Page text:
May 8, 2013
By Benét J. Wilson
The FAA’s notice of proposed rulemaking (NPRM) to establish T-routes west of the Washington, D.C., Class B metroplex fails to address the real issues of access or efficiency, according to AOPA.
The NPRM is part of the optimization of airspace and procedures in a metroplex (OAPM) effort that AOPA has been participating on for more than a year. The Washington, D.C., metroplex was one of the first.
“The proposed T-routes are so circuitous that it is unlikely that any pilot would use them. Pilots don’t have a problem circumnavigating Class B—they do it already,” said Tom Kramer, AOPA manager of airspace and modernization. “What we need are T-routes through the Class B—one of the primary reasons T-routes were originally established, designed in concert with other instrument procedures to deconflict the operations. In a time of fiscal crisis, it doesn’t make sense for the FAA to continue with rulemaking that doesn’t fix or improve access, safety, or efficiency.”
RNAV routes were originally designed to provide more direct and expeditious routing alternatives to ground-based navigation aids—a benefit that disappears when the route adds mileage and fuel burn beyond the existing routing structure.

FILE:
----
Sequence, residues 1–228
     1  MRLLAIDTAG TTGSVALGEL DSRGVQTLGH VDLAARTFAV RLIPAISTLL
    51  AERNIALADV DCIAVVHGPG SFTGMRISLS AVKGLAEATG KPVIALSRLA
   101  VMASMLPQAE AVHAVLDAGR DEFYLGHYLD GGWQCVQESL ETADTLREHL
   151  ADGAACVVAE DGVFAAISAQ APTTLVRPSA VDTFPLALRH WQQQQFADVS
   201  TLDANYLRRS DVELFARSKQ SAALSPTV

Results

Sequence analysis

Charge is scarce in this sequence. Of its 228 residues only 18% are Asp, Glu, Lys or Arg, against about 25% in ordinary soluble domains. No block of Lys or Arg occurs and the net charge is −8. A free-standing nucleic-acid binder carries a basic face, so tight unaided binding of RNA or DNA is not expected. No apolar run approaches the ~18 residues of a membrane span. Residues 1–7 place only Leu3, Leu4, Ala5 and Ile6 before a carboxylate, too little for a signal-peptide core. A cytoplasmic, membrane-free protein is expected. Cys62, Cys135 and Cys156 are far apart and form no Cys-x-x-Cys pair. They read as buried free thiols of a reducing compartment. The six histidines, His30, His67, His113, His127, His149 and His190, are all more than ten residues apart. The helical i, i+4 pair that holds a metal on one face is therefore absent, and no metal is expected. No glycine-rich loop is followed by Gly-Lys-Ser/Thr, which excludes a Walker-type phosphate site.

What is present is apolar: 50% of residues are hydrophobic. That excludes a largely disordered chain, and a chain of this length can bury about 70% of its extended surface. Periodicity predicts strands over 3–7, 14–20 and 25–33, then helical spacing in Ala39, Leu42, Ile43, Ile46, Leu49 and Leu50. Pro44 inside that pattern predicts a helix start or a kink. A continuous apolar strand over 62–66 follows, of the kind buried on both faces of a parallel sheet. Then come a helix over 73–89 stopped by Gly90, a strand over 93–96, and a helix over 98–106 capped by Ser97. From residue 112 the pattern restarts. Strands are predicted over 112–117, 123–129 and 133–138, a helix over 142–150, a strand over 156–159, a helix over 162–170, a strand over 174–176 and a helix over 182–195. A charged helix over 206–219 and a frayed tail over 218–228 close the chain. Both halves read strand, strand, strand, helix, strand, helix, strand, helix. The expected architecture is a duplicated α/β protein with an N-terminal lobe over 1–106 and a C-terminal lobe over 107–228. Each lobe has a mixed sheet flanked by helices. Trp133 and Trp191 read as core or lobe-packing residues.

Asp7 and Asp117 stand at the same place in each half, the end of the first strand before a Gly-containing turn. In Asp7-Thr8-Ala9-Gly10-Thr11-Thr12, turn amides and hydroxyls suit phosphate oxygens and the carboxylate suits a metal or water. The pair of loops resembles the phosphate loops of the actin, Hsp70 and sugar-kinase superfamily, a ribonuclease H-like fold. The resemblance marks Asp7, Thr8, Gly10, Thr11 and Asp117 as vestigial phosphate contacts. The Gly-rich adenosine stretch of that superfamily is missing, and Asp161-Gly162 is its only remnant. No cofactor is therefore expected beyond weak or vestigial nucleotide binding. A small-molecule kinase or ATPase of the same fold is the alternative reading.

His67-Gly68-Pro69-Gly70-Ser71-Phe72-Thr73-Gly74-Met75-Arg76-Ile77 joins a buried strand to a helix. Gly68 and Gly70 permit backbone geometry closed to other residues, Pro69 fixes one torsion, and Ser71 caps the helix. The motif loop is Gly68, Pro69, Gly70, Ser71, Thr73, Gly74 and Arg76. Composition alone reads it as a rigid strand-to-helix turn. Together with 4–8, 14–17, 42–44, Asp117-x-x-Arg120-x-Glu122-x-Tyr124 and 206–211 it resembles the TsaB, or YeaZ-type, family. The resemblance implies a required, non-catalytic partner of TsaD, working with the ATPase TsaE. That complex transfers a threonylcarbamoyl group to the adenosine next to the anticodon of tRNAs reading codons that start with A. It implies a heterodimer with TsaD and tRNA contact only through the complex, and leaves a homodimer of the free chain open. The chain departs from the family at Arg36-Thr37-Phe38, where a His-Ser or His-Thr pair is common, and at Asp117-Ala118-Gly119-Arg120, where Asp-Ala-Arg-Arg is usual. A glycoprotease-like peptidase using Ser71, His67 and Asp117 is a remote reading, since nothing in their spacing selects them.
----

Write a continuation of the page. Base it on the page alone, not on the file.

For years, AOPA has advocated for T-routes through Class B airspace to improve access and efficiency for general aviation. “However, the proposed T-routes circumnavigate the Class B so far that pilots will instead file victor airways, because it would be shorter, faster, and more economical,” said Kramer.
“We also have a concern that as VORs are decommissioned, we will start to lose the few victor routes we have through Class B airspace areas, including several in the D.C. metroplex,” said Kramer. “As we transition to satellite-based navigation, we cannot sacrifice access and efficiency. If T-routes are only being established outside of Class B, general aviation will lose access and efficiency, which is not acceptable.”
AOPA is reviewing the NPRM and soliciting member input. “We will be submitting comments seeking significant modifications to the proposed routes,” said Kramer.
Members are also encouraged to file comments on the proposed routes. Comments must be received by June 13. Submit them to the FAA here, and copy AOPA.
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AOPA thanks our members for their continued support in protecting the freedom to fly.